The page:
BRUSSELS, October 4.

The works before Bois-le-Duc advance with such rapidity, that the second parallel is already entirely finished, notwithstanding the violent fire which the besieged keep up from the walls of the place. The principal strength of Bois-le-Duc consists in the marshes and inundations wherewith this city is surrounded, but the capture of Fort Crevecceur has given the republicans the means to draw off these waters by ditches made for that purpose.

It seems that the duke of York and the hereditary prince of Orange, warriors, who notwithstanding their youth, have rendered their names famous by the most brilliant exploits, it seems, I say, that these heroes will make some venturous attempt to try to save Bois-le-Duc, for this purpose all the English, Dutch, Hessian and Hanoverian Troops, hitherto divided into different corps have joined between Hoosden and Gertraydenberg. But general Pichegru who saw through the intention of the enemy, has taken an excellent position, between the combined army and Bois-le-Duc, by means whereof the siege of that place is continued with safety.

The day before yesterday the enemy attempted a general reconnoitring of the army of observation, but this turned out unfortunate enough for them, for they were not only repulsed but a party of the hussars of the princess of Orange were cut to pieces by the republican cavalry. The city of Breda is only closely surrounded.

The bombardment of Maestricht is continued with the greatest vivacity; it rains bombs and red hotballs in that city, which will very soon be nothing but a heap of ashes and ruins, unless they capitulate very soon. The besiegers are preparing to make a strong attach on Fort St. Pierre the strongest bulwark of Maestricht.

ROTTERDAM, October 1_.

Yesterday the news reached us of the surrender of Bois-le-Duc to the French on Thursday last, which with the capture of Crevecoeur, and Fort St. Andre which had been previously evacuated, that the artillery and stores in it might not fall into the hands of the enemy, gives them an uninterrupted possession of the whole barony of Bois-le-Duc; opens to them the passage of the Neuse, and facilitates their __uption into the province of Nimeguesh.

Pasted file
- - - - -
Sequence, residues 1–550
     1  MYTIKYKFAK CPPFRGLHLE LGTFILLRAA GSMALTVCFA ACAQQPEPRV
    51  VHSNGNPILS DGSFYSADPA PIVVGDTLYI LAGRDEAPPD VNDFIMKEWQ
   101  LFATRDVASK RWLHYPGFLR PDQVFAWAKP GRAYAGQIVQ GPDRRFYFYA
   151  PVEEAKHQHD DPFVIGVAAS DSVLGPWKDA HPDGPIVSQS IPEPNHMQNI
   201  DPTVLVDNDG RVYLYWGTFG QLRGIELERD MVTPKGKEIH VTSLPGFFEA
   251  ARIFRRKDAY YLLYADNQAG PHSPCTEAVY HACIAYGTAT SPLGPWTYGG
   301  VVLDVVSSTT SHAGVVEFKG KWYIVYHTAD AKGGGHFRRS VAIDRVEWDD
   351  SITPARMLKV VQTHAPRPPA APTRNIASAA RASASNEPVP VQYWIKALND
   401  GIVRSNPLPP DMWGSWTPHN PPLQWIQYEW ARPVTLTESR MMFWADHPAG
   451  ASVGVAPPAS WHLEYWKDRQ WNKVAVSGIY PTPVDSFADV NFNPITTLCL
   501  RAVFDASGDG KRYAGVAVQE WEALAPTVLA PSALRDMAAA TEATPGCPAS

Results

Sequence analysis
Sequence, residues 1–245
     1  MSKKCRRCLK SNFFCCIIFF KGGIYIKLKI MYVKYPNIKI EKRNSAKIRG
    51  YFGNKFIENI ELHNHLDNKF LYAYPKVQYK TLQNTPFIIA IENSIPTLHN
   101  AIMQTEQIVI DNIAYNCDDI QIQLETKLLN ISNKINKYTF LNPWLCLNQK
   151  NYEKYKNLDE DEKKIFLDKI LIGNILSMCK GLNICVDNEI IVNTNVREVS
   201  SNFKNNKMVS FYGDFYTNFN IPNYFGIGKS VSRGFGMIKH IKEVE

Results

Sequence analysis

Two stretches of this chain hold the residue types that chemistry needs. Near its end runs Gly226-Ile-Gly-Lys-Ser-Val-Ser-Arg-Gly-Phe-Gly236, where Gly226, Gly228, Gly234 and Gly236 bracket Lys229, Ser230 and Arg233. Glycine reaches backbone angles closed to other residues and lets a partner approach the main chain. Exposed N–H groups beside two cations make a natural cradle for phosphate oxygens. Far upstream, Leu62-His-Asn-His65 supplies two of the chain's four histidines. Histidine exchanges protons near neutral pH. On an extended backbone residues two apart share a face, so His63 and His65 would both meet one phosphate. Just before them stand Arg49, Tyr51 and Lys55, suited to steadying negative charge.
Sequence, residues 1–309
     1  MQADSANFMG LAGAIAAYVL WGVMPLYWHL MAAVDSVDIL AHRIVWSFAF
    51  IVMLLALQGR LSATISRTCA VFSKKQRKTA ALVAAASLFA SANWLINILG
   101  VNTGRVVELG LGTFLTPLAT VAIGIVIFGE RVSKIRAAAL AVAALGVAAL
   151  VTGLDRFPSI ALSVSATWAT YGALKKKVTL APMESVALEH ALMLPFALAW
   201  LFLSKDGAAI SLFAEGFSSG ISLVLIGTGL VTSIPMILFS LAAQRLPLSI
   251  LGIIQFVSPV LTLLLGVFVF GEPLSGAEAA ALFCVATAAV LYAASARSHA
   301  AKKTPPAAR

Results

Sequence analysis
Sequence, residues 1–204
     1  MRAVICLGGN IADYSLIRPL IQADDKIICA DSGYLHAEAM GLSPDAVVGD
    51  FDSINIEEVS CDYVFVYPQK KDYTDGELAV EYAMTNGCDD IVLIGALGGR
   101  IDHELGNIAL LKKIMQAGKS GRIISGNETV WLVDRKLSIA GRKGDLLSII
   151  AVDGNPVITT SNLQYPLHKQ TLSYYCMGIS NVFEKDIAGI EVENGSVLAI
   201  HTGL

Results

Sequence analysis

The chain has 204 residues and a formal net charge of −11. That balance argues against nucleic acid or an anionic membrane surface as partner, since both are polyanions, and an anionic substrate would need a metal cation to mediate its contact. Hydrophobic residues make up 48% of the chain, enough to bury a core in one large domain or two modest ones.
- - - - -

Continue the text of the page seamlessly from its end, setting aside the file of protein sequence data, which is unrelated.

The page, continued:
We do not precisely know the cause of the surrender of this important fortress, as it was amply supplied with stores and provisions. The garrison, we understand, were allowed the honours of war, and the same terms of capitulation as were granted to the garrison of Crevecoeur. We also learn, that the surrender was accelerated by a mutiny in the town, some of the inhabitants of which were no doubt sent in long ago by the French, as spies, and to take advantage of circumstances, insisted, on a capitulation. There is every reason to believe, that nothing but treachery could have thrown this fortress so soon into the hands of the French, who could hardly have been able to continue the siege many days longer, as well on account of the inundation, as the heavy rains which have overflowed the country, and must have been mortally destructive to the besieging army.

We have this day learnt that the French had passed the Meu__, but we knew nothing of their further proceedings. The island of _ommel is every where fortified, and a very numerous English garrison has been sent to Thiel, to defend the passage of the Waal near there.

We have yet no particulars of the late unfortunate defeat of general Clairlayt's army; nor have we heard any thing of that wing of it commanded by general LaTour, which is said to have suffered most.

We are sorry to learn that the beautiful city of Dusseldorp has been almost wholly consumed by the fire of the enemy from the opposite banks of the Rhine. It is said that scarcely a house is left standing. The French have advanced to Cologne, where general Jourdan has established his head quarters; but general Clairfayt, previous to their reaching that place, had the bridge destroyed. The French have likewise taken possession of Bonn. The electorate of Juliers and Cologne offer the French vast heaps of plunder. The churches, and convents in these two counties are many of them immensely rich.

A proclamation has been issued by the stadtholder, that whoever is in the service of the government, and shall quit his post, shall forfeit it, and his goods be confiscated. -Many persons have, however, quitted Holland to go to Hamburgh; -and many more are packing up their goods to set off. But I have not the least apprehension that the French will be able to make any progress into Holland this campaign.

PARIS, October 11.

The victory over the Austrians before Ju______ and the Roe; is a very important one. As a consequence of it the city and citadel of Juliers __________ with an immense artillery and warlike ammunition of all kinds. The republican army pursues closely the Austrians who fall back pr__________ly on Berghem, and thence on Cologne. The greater part of the French cavalry is on the heels of the enemy's rear guard, harrass them continually and has made a great number of prisoners.